Legislature gives the controversial bill 107 approval on second reading and refers the bill to standing committee for public hearings

June 24, 2006



On D-Day, June 6, 2006, the Ontario Legislature voted on “Second Reading” of the
controversial Bill 107, the proposed law to weaken the Ontario Human rights
Commission. Despite substantial and increasing public concern and controversy
about the bill, Liberal MPPs voted in favour of the bill. Conservative and NDP
MPPs voted against it. The bill passed Second Reading on a vote of 57 to 22.

Second Reading is when the Legislature decides whether to approve the bill “in
principle”. Before holding this vote, the Legislature held the required minimum
of three days of debates on the bill, on May 8, May 30 and June 5, 2006.


What happens next with the bill? The Legislature has referred the bill to its
Standing Committee on Justice Policy. That Committee will hold public hearings
on the bill. After the public hearings are finished, the three political parties
can file proposals for amendments to the bill. After these are filed, the
Standing Committee will then debate these proposed amendments to the bill
clause-by-clause at public sessions. This is called clause-by-clause debate. The
Committee votes on each proposed amendment.

After that, if the Government still wants to proceed with the bill, then the
bill, as modified by any amendments that the Committee passed, comes back before the entire Legislature for one more round of debates and final vote. This is
called Third Reading debate and vote.


We and others concerned about Bill 107 have just achieved an important partial
procedural victory in this complicated legislative process. We had been very
concerned that the Government had intended to rush the Standing Committee’s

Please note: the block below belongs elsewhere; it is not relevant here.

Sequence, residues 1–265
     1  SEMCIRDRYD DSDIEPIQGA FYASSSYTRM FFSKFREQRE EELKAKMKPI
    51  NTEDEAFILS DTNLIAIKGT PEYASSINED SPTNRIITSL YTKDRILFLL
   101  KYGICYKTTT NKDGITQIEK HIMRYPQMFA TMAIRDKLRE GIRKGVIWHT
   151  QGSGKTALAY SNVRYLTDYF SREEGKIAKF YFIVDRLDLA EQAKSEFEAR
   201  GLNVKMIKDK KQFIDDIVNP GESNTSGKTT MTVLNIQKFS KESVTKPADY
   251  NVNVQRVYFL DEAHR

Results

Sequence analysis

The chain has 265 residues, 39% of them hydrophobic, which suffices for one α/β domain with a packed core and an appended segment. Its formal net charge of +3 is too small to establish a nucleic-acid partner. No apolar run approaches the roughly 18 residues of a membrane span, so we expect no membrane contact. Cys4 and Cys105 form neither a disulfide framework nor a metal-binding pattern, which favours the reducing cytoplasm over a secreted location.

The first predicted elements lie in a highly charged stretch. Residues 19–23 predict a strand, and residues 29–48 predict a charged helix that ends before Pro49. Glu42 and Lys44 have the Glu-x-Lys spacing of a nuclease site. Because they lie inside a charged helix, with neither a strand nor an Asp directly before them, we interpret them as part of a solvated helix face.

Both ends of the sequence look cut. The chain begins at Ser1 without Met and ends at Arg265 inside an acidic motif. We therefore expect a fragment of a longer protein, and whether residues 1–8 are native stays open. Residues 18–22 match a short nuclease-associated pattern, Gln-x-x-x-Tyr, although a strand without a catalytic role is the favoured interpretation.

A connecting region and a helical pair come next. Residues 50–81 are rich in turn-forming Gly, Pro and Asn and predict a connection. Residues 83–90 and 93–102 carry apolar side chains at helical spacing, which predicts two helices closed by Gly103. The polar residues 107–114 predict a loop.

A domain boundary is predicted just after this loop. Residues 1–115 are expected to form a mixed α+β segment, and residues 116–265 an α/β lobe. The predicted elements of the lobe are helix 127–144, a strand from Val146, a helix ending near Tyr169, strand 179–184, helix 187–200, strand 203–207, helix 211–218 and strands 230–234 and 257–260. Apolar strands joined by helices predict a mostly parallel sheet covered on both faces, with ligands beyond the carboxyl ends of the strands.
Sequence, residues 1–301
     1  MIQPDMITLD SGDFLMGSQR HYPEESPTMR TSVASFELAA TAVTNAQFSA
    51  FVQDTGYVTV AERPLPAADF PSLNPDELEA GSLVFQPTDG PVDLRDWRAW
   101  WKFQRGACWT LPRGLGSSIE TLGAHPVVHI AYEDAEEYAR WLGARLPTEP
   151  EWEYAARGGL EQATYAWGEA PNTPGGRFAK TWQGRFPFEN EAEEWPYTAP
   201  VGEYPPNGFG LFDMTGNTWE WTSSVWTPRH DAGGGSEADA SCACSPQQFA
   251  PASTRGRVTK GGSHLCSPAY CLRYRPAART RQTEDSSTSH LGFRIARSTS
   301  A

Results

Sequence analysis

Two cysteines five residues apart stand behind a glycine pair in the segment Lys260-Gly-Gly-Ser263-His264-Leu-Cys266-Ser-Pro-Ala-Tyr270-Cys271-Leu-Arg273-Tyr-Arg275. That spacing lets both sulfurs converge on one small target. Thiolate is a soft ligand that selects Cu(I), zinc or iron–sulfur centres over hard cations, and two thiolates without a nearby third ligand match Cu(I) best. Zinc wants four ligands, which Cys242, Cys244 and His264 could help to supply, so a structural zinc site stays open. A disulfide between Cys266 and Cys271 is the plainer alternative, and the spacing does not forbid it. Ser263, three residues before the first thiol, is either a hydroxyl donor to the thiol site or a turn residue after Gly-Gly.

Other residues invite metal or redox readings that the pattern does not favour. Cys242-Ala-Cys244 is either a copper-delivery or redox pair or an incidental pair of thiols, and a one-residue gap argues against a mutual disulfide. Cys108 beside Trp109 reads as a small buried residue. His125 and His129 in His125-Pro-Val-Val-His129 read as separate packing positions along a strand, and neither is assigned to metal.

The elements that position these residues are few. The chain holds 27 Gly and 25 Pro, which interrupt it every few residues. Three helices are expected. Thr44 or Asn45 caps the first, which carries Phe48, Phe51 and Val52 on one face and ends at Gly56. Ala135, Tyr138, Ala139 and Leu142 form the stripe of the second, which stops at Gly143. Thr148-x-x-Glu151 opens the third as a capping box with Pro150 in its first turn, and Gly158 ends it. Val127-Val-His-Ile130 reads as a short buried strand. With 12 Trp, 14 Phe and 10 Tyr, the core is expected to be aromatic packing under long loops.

public hearings as quickly as possible, perhaps in June or July.

At our Queen’s Park news conference last month, we urged the Government to not start the public hearings until the fall. Others joined in this call. We had
wanted to ensure that all of you, both individuals and community organizations,
got enough time to review the bill, to figure out what you wanted to say about
it, and to prepare to take part in the public hearings. Rushed public hearings
in the summer would make this very difficult for many.

What is our partial victory? We have just confirmed with the Standing
Committee’s Clerk that the Standing Committee’s public hearings on Bill 107
won’t start until August 8, 2006. We have been told that there will be hearings
on August 8 to 10, 2006 in London, thunder bay and Ottawa. We don’t know which day has been chosen for which city.

We have also been told that hearings in Toronto won’t be held until after the
Legislature resumes sitting. The Legislature is now in recess until Monday,
September 25, 2006. Thus, the Toronto hearings won’t take place before September 25, 2006. We don’t know how many days of hearings will take place in Toronto.

While it would have been best it if all the hearings were deferred until
September, this hearings schedules shows that our efforts and those of others
who have echoed similar concerns have paid off.